A team of RI-MUHC researchers is developing DNA biomarkers to better pinpoint treatment options for patients with prostate cancer
Prostate cancer is frequently diagnosed, accounting for an estimated 20% of new cancers in Canadian men in 2022. Distinguishing between slow-growing, indolent tumours and the more aggressive, potentially life-threatening form of prostate cancer is difficult. A team of researchers from the Research Institute of the McGill University Health Centre (RI-MUHC) set out to discover whether DNA-based biomarkers could add prognostic information to existing tools to better tailor treatment selection.
In a recent paper published in the British Journal of Cancer, a team led by Jacques Lapointe, MD, PhD, a researcher in the Cancer Research Program at the RI-MUHC, studied DNA copy number alteration (CNA) classifiers. Accurate assessment of these biomarkers has the potential to improve outcomes for prostate cancer patients with low or intermediate risk disease, but current assessment methods are cumbersome and costly. In this new study, the research team developed and validated an accessible tool that successfully predicted post-treatment tumour recurrence.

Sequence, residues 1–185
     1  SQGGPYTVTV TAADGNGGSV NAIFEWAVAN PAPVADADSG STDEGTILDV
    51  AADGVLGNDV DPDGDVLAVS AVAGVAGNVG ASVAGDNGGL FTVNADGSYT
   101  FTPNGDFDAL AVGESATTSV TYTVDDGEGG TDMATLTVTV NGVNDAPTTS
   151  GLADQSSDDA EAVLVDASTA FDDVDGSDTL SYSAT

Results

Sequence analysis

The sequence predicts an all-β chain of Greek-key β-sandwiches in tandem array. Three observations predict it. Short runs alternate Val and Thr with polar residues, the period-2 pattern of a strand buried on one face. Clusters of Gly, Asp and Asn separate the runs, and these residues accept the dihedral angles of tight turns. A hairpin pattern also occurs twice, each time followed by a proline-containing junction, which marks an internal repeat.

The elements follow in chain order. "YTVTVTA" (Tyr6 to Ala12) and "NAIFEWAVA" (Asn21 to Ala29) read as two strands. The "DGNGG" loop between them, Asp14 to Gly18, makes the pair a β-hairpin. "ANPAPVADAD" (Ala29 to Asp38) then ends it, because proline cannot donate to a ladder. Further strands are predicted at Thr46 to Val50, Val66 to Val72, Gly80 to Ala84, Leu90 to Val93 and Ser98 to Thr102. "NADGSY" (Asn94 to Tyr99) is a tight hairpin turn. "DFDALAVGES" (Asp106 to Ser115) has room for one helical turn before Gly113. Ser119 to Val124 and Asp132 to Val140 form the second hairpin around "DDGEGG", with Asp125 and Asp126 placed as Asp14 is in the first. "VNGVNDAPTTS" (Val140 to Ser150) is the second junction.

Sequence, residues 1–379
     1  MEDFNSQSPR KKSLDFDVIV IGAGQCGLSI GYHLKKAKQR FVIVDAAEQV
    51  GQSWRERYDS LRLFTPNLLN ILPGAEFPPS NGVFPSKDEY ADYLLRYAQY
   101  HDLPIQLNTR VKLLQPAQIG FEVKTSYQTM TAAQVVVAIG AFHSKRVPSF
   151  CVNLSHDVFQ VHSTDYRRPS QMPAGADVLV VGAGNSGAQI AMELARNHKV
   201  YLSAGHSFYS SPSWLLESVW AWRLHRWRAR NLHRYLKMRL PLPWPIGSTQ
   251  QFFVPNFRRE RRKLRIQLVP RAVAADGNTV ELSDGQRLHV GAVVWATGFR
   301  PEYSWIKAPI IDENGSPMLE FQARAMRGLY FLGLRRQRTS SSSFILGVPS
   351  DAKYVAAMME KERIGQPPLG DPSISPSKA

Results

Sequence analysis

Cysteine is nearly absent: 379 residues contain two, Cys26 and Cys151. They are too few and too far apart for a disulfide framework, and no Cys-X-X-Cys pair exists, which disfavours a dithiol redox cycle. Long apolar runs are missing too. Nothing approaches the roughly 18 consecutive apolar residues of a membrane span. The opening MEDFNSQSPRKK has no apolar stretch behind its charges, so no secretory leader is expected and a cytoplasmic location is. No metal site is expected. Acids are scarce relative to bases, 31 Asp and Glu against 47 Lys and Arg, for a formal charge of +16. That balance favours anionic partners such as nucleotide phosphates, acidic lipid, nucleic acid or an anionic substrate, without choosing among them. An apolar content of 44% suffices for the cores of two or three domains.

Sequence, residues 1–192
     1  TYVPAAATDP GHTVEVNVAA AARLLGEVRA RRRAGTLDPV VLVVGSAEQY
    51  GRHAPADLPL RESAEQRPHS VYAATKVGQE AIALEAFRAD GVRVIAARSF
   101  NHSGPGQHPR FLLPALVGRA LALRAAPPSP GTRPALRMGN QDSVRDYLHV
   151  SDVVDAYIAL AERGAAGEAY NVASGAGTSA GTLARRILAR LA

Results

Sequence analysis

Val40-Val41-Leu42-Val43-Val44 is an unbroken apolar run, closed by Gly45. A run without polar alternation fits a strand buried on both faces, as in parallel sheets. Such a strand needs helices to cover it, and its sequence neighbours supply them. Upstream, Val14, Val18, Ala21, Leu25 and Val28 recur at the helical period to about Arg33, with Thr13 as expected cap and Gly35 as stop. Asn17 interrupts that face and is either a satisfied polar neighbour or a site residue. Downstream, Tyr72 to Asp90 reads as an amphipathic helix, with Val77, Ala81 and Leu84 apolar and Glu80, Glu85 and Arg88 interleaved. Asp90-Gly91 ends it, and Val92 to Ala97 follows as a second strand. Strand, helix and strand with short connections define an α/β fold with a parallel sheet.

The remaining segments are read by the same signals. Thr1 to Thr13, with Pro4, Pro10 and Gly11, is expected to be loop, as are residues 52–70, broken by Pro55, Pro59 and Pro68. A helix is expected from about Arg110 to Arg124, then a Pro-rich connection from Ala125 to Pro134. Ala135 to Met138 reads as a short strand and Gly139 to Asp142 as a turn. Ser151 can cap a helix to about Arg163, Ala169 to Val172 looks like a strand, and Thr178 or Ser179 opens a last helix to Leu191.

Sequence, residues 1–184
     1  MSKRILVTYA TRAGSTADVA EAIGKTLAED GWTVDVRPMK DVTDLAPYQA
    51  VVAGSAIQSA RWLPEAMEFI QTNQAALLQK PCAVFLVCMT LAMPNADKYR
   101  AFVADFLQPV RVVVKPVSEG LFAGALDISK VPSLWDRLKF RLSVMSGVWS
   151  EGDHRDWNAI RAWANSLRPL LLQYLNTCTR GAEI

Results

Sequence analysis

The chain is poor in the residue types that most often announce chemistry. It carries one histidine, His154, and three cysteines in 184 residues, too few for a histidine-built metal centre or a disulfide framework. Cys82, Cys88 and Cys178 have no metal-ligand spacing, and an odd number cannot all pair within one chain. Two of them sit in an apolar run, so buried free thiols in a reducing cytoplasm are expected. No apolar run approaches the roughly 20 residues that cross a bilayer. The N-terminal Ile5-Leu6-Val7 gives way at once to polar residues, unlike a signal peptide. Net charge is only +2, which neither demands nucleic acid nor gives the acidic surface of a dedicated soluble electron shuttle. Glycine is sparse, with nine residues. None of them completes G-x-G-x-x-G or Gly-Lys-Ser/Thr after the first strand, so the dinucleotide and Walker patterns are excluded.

Working with 448 tumour samples from patients treated by prostatectomy at the McGill University Health Centre and at the Kingston General Hospital, Dr. Lapointe and his team initially identified 14 CNAs as potential biomarkers to predict prostate cancer recurrence.
“We assessed the CNA classifier with an inexpensive PCR-based assay called multiplex ligation-dependent probe amplification, or MLPA,” says Walead Ebrahimizadeh, first author of the study and a doctoral student in Dr. Lapointe’s lab at the time of this work. “We recently developed and optimized this assay, which detects gains and deletions in specific prostate cancer-relevant genes.”
MLPA provides a fast, easy and cost-effective approach for the assessment of candidate CNAs in small quantities of DNA. The team developed the MLPA assay to allow the assessment of all 14 selected CNAs at the same time.
“Previous research in our lab suggested that a combination of CNAs would help better stratify prostate cancer patients according to their risk of disease recurrence,” says Karl-Philippe Guérard, M.Sc., second author on the paper and a research associate in Dr. Lapointe’s laboratory.
“A unique aspect of our study was that we double-sampled in order to capture CNAs in low and high grade tumour areas,” adds Karl-Philippe Guérard. “This increases our predictive accuracy by accounting for the variability within a single tumour.”
The performance of the MLPA assay was confirmed using the “gold standard” methodology, fluorescence in situ hybridization.
“Our classifier marks a step toward personalized medicine for low or intermediate risk prostate cancers,” concludes Dr. Lapointe. “In the future, we hope to integrate CNA classifiers into routine clinical settings. Until then, our next step is to apply our MLPA assay to needle biopsies performed prior to prostate surgery and evaluate how the classifier can potentially assist decision-making when it comes to treatment.”